It communicates respect to attendees. If you are not planning to share your video, communicate that to the host prior to the meeting. Not showing your video can communicate that you are not listening or engaged in the meeting. If you need to shut it off, communicate that to the participants before doing so. F Maintain eye contact. Focus on maintaining eye contact with the camera rather than looking off. Place notes that you want to reference during the meeting directly under the camera. Limit your time looking at another screen during a meeting, even if it is related.

G Hone in on non-verbal communication. Pay attention to the facial expressions of people on the call and your own. You may want to be more expressive (smile more) to connect with and engage attendees. Our non-verbals often set the tone. This is challenging and does lead to more mental fatigue. Our brains take in, assess and adapt to significantly more non-verbals during a video call than if we were in-person with the same group. H Be on time – or early. Begin connecting to the meeting at least five minutes prior if you are an attendee and earlier

if you are the host. This may require you to add more margin in between your meetings so you have time to go from one meeting to another. Just like when driving, assume it may take longer than expected to connect. You never know when a technology issue will arise. I Present a professional image. During the pandemic, attire became more relaxed, sometimes too informal. Treat the video meeting just like you would an in-person meeting in your organization. This shows respect and communicates a professional image. You may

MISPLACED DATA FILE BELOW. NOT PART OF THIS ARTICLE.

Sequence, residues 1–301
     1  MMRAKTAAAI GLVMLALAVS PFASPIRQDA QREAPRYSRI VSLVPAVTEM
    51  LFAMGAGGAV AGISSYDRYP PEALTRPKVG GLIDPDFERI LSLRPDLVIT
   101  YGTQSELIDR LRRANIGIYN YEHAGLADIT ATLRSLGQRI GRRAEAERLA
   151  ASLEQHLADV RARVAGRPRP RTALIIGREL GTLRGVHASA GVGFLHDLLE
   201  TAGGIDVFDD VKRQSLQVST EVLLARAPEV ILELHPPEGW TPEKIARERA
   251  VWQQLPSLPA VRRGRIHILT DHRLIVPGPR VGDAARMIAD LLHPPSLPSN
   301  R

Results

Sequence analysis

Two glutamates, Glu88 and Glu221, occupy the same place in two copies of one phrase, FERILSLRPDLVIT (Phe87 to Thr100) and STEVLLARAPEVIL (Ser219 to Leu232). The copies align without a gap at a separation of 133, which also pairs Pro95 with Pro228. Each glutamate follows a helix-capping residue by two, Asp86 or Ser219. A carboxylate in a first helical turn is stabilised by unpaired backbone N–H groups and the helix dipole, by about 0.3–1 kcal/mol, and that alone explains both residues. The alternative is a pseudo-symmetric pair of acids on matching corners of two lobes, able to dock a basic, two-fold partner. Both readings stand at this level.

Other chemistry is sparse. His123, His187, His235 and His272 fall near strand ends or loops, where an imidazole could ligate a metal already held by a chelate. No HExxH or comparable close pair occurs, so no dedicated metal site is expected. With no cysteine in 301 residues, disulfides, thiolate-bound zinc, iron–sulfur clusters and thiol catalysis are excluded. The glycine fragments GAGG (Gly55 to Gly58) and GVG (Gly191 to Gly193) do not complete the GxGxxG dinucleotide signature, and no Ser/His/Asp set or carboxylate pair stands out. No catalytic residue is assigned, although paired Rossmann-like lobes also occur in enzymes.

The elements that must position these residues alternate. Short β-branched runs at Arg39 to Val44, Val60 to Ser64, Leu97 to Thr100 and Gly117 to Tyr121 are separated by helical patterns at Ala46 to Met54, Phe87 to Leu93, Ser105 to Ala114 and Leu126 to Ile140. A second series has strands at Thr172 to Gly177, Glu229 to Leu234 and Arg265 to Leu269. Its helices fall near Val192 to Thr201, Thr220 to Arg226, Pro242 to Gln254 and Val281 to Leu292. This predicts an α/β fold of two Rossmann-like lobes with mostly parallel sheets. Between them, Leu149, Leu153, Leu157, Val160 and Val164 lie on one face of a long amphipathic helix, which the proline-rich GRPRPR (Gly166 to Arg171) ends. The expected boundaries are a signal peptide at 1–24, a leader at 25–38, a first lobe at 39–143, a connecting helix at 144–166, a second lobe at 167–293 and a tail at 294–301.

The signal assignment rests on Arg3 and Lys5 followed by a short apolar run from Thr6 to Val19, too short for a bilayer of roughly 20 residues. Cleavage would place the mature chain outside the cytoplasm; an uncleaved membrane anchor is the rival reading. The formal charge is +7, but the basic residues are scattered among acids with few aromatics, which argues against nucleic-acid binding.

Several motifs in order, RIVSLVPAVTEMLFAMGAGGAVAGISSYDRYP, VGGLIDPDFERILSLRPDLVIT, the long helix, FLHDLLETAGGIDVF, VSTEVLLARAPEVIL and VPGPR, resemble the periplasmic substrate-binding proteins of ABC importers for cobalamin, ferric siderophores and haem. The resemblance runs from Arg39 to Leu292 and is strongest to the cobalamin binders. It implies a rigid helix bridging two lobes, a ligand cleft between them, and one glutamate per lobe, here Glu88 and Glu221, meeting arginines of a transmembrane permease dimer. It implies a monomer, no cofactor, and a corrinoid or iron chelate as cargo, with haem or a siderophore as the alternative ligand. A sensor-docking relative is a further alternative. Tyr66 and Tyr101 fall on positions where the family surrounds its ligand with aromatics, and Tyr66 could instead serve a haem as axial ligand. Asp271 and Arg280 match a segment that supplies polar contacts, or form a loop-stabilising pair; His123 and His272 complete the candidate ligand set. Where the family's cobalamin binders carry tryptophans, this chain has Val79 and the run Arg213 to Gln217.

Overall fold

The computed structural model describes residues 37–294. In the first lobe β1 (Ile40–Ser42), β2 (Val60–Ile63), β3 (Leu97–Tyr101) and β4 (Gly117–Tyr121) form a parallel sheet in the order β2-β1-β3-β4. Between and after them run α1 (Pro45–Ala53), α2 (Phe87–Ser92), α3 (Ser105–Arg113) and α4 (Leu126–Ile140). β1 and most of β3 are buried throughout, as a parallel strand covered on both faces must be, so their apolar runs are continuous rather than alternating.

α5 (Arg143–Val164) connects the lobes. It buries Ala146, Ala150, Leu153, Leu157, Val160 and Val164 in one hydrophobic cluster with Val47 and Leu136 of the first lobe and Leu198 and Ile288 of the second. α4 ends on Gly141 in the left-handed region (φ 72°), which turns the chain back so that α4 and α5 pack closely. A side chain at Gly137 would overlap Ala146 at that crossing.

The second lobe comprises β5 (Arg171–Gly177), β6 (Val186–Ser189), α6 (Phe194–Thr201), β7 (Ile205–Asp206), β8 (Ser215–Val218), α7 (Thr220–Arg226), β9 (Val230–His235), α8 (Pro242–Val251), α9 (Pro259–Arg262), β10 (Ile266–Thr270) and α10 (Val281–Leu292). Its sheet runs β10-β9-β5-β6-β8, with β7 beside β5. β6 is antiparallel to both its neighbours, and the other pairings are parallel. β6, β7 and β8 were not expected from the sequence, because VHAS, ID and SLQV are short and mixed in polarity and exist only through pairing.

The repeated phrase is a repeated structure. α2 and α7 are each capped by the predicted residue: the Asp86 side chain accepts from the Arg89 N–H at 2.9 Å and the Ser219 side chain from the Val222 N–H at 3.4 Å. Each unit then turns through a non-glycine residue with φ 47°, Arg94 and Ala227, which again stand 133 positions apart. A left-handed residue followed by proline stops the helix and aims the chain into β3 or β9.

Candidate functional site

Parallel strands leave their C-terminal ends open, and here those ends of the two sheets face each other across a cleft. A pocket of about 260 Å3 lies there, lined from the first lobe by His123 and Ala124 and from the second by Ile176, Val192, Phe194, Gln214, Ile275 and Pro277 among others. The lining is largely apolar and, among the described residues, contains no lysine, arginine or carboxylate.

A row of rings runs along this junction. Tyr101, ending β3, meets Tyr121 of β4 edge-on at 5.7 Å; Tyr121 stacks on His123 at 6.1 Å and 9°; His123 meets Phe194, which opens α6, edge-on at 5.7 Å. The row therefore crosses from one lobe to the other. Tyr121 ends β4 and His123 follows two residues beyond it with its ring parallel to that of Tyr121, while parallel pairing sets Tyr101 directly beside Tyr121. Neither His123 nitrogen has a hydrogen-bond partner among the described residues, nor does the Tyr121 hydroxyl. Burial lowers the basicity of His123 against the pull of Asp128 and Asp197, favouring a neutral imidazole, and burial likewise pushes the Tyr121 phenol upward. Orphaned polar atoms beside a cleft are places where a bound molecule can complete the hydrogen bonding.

choose more carefully what you wear, considering colors that appear well on camera and do not wash you out. Remove any accessories that may create unnecessary noise and distraction, such as bracelets or watches. We have all experienced some good practices and some that aren’t so good. In some cases, professional boundaries were pushed – and accepted because of the nature of the pandemic. Let’s hit reset and focus on using these tools in a way that promotes respect, professionalism and results.

REPAIR. MAINTAIN. REMODEL. As your full-service construction partner, Rice Companies can also help you maintain, repair and remodel your facility through our Rice Service Group. Whether you need a new roof, a small addition, or something as simple as a door replaced, we can help.

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NETWORKCENTRAL GROW

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NETWORK |

PROFIT!

PROFIT

E V E N T S A R O U N D T H E ST. C LO U D A R E A

M O R E O N E V E N T S : Fo r i n f o r m a t i o n o n t h e s e o r o t h e r b u s i n e s s e v e n t s , c a l l 3 2 0 -2 51 -2 9 4 0 o r v i s i t S t C l o u d A r e a C h a m b e r. c o m a n d c l i c k o n “ C a l e n d a r.”

A September reception honored the 2020 St. Cloud Area Business Award recipients.

Brian Hart, Stokeswood Enterprises (L) and Chris Jacques, Premier Real Estate Services

Christy Gilleland and Bill Knoblach, Gilleland Chevrolet

Richard Hobbs, Simonson Lumber, the 2020 Entrepreneurial Success Award recipient

Derek and Melinda Tamm, Ms. Melinda’s Dance Studio. Melinda Tamm was selected as the 2020 Woman in Business Champion

GROW!

Brian Bastien, Schlenner Wenner, (L); and Russ Sand and Paul Radeke, BerganKDV

Bruce Hagberg, riteSOFT, (L), the 2020 Small Business Owner of the Year and Jason Hallonquist AIS Planning, past chair of the Chamber’s Board of Directors

The Chamber’s internship program rose above COVID-19 and put four students into internships this summer.